Pretty much everything was a counterintuitive curveball.


In April of 2006, more than 15 years ago, I wrote a memo to file that would go on to exert a disproportionately large impact on my thinking and career, albeit many of the lessons took years to come into focus and were far from what I expected.

The topic was Moneyball as applied to law firm associates—in essence, sketching out the data and methodology necessary to identify under and overvalued attributes of law firm associates, akin to the selection methods used by Oakland Athletics in the famous book by Michael Lewis.
Continue Reading Moneyball for law firm associates: a 15-year retrospective (257)


A worksheet to help innovators avoid failure


The graphic above is worksheet designed to aid the development and adoption of legal innovations. I created it for my “How Innovation Diffuses in the Legal Industry” courses at Bucerius and Northwestern Law (downloadable PDF available here). This past week, I had the opportunity to present it at LMA’s P3 Conference in Chicago.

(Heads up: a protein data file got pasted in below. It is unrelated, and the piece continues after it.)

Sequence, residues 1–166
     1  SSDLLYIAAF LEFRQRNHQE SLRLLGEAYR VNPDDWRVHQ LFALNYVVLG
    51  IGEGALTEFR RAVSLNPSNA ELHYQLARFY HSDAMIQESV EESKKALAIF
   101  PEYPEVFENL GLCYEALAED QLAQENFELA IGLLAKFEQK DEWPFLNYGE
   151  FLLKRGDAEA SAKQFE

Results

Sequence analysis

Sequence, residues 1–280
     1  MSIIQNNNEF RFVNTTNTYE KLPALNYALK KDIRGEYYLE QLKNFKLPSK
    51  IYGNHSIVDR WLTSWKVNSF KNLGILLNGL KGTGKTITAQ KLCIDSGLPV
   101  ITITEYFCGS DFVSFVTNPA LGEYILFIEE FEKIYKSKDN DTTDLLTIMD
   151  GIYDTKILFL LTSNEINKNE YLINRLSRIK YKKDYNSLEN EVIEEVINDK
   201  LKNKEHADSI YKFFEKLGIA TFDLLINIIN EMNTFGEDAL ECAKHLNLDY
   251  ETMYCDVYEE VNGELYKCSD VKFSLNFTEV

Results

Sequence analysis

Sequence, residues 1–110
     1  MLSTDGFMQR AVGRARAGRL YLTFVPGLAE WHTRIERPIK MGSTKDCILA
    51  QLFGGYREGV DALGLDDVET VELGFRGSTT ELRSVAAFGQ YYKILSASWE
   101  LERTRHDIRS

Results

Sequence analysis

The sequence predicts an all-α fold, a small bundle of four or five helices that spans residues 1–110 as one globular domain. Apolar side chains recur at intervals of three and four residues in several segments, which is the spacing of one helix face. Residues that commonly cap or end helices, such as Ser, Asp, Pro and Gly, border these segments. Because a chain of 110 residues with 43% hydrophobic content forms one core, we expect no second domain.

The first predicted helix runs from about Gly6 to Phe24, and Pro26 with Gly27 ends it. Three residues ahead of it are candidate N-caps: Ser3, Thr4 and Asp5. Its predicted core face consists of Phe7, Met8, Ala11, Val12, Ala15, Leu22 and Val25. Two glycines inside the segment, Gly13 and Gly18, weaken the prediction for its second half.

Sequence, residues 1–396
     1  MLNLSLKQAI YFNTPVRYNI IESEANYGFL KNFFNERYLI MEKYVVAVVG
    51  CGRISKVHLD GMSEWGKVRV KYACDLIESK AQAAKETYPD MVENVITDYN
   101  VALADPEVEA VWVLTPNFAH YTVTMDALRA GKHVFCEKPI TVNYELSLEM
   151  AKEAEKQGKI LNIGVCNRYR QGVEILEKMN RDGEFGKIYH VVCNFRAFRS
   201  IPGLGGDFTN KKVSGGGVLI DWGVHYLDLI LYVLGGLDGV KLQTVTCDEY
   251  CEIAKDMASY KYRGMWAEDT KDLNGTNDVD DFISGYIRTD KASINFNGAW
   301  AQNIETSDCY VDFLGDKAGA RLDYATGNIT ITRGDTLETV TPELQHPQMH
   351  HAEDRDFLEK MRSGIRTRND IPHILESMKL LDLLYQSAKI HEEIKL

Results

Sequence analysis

Continue Reading Scoring your innovation (098)

Photo by Sagar via Unsplash / Like all complex ecosystems, the legal industry and its problems are interdependent and connected.

Disillusionment abounds and frustrations run high in the legal industry: nearly all signals scream at us to innovate faster. Inspire.Legal flipped the script by asking us to stop, collaborate and listen.

The graphic above reflects three different types of innovation “outcomes”:

  1. Initiation of an innovation adoption process that results in an organization making a decision to adopt an innovation. See Post 015
  2. Implementation of the adoption decision, which entails planning, change management, and redefining/restructuring and clarifying the innovation in the field so that it delivers its